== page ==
Muqarnas 33 contains articles that range chronologically and geographically from a study of architectural innovations in the early mosque under the Umayyads to an analysis of archaeological finds in medieval Armenia, the book culture of Bijapur, and a discussion of a nineteenth-century Muslim cemetery in Malta. Readers will also discover essays on, respectively, the influence of a Tabrizi workshop on Cairene architecture in the fourteenth century, and the brilliant ceramic tiles of the fifteenth-century Uzun Hasan Mosque in Tabriz, as well as the latest research on the coffeehouses of Safavid Isfahan and on the architectural patronage of Shah ʿAbbas. A study of a Timurid pilgrimage scroll in the Museum of Islamic Art in Doha and an essay on Bihari calligraphy round out the volume. The Notes and Sources section features a never-before-published treatise on the Sultan Ahmed Mosque in Istanbul. Muqarnas 33 includes articles by Heba Mostafa, Diana Isaac Bakhoum, Sandra Aube, David Roxburgh and Mounia Abudaya-Chehkhab, Eloïse Brac de la Perrière, Keelan Overton, Charles Melville, Farshid Emami, Conrad Thake, Ünver Rüstem, and Hans Barnard, Sneha Shah, Gregory E. Areshian, and Kym F. Faull.
Muqarnas: An Annual on the Visual Cultures of the Islamic World is sponsored by the Aga Khan Program for Islamic Architecture at Harvard University and the Massachusetts Institute of Technology, Cambridge, Massachusetts.
Gülru Necipoğlu, (Ph.D., Harvard University, 1986) is the Aga Khan Professor of Islamic Art and Architecture at Harvard University. She has been the editor of Muqarnas since 1993.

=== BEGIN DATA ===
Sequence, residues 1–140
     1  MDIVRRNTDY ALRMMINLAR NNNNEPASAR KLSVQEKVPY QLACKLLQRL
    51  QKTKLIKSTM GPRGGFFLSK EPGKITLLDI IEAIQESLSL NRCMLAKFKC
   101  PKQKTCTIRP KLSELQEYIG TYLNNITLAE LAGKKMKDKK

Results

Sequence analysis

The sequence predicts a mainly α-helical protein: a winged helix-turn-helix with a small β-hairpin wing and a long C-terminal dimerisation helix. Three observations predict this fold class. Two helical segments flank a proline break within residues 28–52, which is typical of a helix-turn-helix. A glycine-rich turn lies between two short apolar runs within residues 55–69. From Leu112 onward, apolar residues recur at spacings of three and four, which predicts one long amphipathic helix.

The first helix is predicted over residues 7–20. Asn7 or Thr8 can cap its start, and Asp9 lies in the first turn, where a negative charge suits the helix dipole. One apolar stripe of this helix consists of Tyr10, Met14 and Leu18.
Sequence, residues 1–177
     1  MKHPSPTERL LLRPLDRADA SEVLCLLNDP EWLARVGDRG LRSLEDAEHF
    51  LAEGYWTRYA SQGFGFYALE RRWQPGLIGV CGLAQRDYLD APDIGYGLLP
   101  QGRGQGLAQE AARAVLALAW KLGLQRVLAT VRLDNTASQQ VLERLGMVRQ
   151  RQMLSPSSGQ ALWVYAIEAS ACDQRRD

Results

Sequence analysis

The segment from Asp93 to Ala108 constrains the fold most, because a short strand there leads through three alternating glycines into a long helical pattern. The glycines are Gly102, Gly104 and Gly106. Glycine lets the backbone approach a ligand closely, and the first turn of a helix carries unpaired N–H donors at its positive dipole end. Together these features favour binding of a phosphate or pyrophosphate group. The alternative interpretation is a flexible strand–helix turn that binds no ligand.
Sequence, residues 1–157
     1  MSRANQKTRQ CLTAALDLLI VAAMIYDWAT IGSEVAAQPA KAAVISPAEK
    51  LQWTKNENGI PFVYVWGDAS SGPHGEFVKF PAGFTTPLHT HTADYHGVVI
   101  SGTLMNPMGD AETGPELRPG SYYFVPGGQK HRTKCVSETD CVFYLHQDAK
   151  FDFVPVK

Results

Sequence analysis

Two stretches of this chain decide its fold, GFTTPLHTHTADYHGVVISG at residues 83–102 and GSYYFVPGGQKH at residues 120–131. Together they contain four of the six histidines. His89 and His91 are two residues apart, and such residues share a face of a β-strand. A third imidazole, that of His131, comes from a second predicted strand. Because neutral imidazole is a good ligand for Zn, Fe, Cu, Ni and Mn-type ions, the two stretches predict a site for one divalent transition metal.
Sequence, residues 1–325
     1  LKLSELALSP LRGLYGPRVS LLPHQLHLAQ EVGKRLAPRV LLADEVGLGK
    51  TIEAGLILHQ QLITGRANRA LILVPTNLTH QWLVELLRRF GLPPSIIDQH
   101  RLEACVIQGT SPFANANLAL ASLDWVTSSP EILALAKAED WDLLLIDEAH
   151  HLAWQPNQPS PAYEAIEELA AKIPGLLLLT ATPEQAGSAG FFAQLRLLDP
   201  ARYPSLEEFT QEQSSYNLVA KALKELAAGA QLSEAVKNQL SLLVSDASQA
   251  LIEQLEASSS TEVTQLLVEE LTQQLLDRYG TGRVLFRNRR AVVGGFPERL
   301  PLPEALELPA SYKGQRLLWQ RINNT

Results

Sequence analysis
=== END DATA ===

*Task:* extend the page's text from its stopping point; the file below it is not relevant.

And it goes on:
Géza Dávid, “In Memoriam: Győző Gerő (1924–2011)” Heba Mostafa, “The Early Mosque Revisited: Introduction of the Minbar and Maqṣūra” Diana Isaac Bakhoum, “The Foundation of a Tabrizi Workshop in Cairo: A Case Study of Its Influence on the Mosque of Emir Altunbugha al-Maridani” Sandra Aube, “The Uzun Hasan Mosque in Tabriz: New Perspectives on a Tabrizi Ceramic Tile Workshop” Eloïse Brac de la Perrière, “Manuscripts in Bihari Calligraphy: Preliminary Remarks on a Little-Known Corpus” Keelan Overton, “Book Culture, Royal Libraries, and Persianate Painting in Bijapur, circa 1580–1630” Charles Melville, “New Light on Shah ʿAbbas and the Construction of Isfahan” Farshid Emami, “Coffeehouses, Urban Spaces, and the Formation of a Public Sphere in Safavid Isfahan” Conrad Thake, “Envisioning the Orient: The New Muslim Cemetery in Malta” NOTES AND SOURCES Ünver Rüstem, “The Spectacle of Legitimacy: The Dome-Closing Ceremony of the Sultan Ahmed Mosque” Mounia Chekhab-Abudaya, Amélie Couvrat Desvergnes, and David J. Roxburgh, “Sayyid Yusuf’s 1433 Pilgrimage Scroll (Ziyārātnāma) in the Collection of the Museum of Islamic Art, Doha” Hans Barnard, Sneha Shah, Gregory E. Areshian, and Kym F. Faull, “Chemical Insights into the Function of Four Sphero-Conical Vessels from Medieval Dvin, Armenia”
Those interested in the visual culture of the Islamic world, as well as Byzantinists, Europeanists, medievalists, historians of the early modern era, and architectural historians.